Willow’s baby loss story

I’m not so much of a young mummy these days but when I had my first two children, I was only 20 and it never crossed my mind that I could have a miscarriage or suffer infant loss being young and healthy why should I? But many years later now being 36 and falling pregnant all of sudden your told your a high risk and there could be lots of problems, but regardless I had two healthy girls why should this be any different!

Just like anyone else you’re over the moon and beyond excited for that first scan and I literally couldn’t wait. So the day arrived I went for my scan, sat in the waiting room desperate to be called in, I’m called in and the scan starts, the baby was moving about. That moment I had been waiting for was here, she showed us arms, legs, heartbeat then she went quiet as she focused in on the head, she could see me getting worried so told me I could go to the toilet and have a small wee as there was to much water in my bladder to see clearly,so I did this and went back. She focused in on the head again with some great detail, she then looked at me with sad eyes, I knew there was something wrong, I was then told my babies brain had not fused together but she wasn’t sure so could I come back tomorrow to see the consultant to double check. I was given an appointment and told if was a “Googler” then not to google this! It goes without saying I had a very sleepless night!

Was it my fault? Was it something I had done? Could I have done anything differently?

The next day I returned, was taken back into the room. The room was filled with consultants and doctors, they re scanned and then I heard those words “I’m really sorry to tell you that your baby has patau syndrome I can honestly say I felt my heart break at that moment, the next bit is a bit of blur it seemed like lots of long words and being asked if I understood what was going on (no not really!)
Patau Syndrome or Trysomy 13 as it’s known, is  a genetic, chromosomal disorder. In most cases you have a spontaneous miscarriage. However some cases, the baby is born but would never make it passed ten days because of the severe problems, body difformaties, mental retardation,cardiac failure, clef pallet, organ failure the list goes on.
I was then ushered into a private room a sobbing mess and given the facts straight and then 2 choices. The first, to carry on with the pregnancy and wait for a miscarriage which wouldn’t be nice as I could make me ill or secondly, be booked in for a therapeutic termination. I was given leaflets and told to go home and have a think. I went home, climbed into bed and cried for what seemed like days, how do you make a decision like that?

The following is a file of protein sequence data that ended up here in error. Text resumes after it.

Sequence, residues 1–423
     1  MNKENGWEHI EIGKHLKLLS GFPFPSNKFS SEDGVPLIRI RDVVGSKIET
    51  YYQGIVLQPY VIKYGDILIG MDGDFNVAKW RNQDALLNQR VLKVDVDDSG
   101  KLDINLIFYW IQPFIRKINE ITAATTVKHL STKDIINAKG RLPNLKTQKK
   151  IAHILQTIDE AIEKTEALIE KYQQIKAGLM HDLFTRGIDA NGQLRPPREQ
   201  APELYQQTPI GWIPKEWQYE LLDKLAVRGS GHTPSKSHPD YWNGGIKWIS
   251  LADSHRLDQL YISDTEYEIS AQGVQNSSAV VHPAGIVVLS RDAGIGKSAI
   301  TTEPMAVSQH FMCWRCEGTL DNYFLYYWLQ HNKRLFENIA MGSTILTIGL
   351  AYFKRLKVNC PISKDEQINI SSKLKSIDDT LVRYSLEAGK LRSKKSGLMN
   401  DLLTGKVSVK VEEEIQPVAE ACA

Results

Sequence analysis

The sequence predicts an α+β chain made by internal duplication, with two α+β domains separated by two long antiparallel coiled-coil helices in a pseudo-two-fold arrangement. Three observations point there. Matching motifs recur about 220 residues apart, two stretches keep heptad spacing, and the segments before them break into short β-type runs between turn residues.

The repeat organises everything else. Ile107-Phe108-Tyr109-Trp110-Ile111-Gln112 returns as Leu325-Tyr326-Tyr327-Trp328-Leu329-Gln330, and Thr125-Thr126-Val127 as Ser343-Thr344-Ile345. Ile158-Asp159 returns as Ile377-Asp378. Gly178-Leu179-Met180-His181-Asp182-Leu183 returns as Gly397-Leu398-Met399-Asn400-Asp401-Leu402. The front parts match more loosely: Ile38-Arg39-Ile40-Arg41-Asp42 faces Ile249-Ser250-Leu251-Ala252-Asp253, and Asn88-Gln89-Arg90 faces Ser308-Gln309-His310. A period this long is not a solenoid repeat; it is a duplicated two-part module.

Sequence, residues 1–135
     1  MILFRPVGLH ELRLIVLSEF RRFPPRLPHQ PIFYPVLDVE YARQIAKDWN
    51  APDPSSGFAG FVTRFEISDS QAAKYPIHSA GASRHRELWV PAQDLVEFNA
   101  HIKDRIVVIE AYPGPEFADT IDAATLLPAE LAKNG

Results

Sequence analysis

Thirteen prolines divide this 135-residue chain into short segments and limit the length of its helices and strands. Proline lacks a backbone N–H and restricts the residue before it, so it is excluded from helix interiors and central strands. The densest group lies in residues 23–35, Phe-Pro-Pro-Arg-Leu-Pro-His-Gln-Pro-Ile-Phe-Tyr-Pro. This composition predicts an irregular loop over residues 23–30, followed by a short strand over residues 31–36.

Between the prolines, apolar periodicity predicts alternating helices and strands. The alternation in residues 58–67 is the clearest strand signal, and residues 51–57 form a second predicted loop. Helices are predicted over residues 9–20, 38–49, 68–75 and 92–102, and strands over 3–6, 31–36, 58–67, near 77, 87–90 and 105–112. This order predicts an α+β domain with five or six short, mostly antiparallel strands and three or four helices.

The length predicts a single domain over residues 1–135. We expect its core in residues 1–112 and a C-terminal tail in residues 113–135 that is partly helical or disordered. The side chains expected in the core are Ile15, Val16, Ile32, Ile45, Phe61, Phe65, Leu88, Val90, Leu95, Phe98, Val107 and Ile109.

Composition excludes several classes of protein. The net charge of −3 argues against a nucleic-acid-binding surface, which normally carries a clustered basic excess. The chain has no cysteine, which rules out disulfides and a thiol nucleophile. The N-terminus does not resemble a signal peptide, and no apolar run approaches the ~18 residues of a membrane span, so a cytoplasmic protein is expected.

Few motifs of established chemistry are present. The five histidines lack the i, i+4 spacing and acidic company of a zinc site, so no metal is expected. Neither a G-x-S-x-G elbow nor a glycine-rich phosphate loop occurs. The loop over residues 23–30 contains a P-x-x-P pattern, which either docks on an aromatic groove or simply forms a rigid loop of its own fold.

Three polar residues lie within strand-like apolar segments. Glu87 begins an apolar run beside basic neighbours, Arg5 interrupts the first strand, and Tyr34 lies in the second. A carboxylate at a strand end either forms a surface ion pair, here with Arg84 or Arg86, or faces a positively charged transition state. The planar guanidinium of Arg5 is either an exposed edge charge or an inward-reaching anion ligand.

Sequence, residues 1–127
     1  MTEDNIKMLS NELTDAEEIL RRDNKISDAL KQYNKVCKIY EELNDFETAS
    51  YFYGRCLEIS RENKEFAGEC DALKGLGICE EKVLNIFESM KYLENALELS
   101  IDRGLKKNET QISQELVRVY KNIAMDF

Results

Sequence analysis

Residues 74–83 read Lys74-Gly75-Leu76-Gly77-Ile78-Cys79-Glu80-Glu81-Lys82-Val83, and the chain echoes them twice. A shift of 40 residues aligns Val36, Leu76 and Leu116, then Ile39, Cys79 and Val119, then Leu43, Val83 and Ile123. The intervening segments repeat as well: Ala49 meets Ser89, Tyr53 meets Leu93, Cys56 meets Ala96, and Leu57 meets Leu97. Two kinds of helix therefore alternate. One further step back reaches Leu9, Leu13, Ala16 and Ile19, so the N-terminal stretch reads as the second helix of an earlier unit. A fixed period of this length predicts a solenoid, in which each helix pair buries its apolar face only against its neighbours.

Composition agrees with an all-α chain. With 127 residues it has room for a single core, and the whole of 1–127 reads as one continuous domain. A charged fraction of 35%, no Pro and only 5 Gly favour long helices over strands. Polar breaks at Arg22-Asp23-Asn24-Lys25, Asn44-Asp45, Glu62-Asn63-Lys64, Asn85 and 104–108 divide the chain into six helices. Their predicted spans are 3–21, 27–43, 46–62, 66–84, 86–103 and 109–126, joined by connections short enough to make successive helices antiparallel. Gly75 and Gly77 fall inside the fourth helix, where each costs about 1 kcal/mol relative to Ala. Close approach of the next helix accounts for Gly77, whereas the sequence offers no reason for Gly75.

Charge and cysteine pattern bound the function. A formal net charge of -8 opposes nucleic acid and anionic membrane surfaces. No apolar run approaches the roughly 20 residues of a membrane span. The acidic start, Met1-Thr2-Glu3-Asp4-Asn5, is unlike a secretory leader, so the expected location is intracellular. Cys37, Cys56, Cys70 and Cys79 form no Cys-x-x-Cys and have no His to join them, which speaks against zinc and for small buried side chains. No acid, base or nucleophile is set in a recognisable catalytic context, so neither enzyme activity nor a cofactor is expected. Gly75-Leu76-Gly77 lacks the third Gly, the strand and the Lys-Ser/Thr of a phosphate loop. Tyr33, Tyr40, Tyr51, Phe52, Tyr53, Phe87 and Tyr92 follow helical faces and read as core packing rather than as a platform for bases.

Was it my fault? Was it something I had done? Could I have done anything differently? A thousand questions went through my mind! But still a decision had to be made so what do you do? Well I tried my best to pull myself together, look at all the information even tho some of it I found so hard to read and often put the leaflets down and had a little cry, but an informed and realistic decision is better and the reality was either way this baby wasn’t going to survive, I looked at my other two children, could I put them through this?

To hold their sibling knowing he would never be with us for long or even at all. Was it fair to bring a baby into this world that would never get to see it or just be  kept comfortable until that moment? So I made my decision, one I never thought I would have to make nor wanted to make, did I make the right decision?  I’m sure some will agree and others won’t but it is a decision I live with daily but I believe I stopped that baby from any suffering in the long run, should the baby survive.
I was given leaflets for counselling and there was a service at the local crematorium for all the babies lost that month, although my baby’s was some months later as an autopsy had to be done. I was seen by the consultant after and had  tests to see if it would happen again, I got the all clear and tried to move on the best you can. I’m not one to need “to talk to someone” but there is lots of help if you do want to talk to someone that is offered and on hand, I don’t think it’s ever something you get over, you just learn to get through it.